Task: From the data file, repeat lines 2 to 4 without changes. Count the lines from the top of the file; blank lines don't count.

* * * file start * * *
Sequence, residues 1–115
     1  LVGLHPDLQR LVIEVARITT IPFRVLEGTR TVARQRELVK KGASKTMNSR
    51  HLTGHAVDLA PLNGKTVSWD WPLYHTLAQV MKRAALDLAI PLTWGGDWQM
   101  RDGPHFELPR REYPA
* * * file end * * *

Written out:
     1  LVGLHPDLQR LVIEVARITT IPFRVLEGTR TVARQRELVK KGASKTMNSR
    51  HLTGHAVDLA PLNGKTVSWD WPLYHTLAQV MKRAALDLAI PLTWGGDWQM
   101  RDGPHFELPR REYPA